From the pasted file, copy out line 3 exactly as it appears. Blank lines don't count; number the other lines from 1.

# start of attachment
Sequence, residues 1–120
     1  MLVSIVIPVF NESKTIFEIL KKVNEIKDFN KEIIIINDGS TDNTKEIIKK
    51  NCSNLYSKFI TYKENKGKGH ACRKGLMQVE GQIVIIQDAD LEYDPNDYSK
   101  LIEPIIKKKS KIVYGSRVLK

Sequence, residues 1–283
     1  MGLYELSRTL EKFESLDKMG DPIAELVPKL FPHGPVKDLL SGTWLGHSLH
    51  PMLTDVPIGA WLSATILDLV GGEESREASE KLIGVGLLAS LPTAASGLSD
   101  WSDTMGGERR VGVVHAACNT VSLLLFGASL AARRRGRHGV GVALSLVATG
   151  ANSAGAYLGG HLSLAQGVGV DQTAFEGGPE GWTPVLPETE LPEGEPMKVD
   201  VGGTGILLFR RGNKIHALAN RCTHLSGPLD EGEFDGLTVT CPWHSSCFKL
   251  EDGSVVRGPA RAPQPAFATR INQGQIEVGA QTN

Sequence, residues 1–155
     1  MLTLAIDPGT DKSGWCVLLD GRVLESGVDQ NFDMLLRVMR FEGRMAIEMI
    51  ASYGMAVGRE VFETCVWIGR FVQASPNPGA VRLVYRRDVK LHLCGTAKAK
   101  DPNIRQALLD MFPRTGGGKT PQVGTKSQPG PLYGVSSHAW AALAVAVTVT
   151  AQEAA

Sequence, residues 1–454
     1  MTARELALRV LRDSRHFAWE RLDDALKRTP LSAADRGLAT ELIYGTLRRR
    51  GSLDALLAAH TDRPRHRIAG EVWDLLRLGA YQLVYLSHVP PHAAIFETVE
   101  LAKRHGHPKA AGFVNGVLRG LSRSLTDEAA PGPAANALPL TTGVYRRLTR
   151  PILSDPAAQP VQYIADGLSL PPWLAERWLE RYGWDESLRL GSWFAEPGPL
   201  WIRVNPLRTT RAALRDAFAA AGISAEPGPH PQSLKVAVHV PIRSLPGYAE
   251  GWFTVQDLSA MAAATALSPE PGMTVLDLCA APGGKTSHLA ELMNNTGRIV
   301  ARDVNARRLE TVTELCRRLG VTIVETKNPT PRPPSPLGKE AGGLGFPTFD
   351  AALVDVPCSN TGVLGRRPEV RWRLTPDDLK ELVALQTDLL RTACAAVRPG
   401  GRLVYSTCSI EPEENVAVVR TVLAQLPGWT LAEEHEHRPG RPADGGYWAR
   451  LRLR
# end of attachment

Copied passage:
    51  NCSNLYSKFI TYKENKGKGH ACRKGLMQVE GQIVIIQDAD LEYDPNDYSK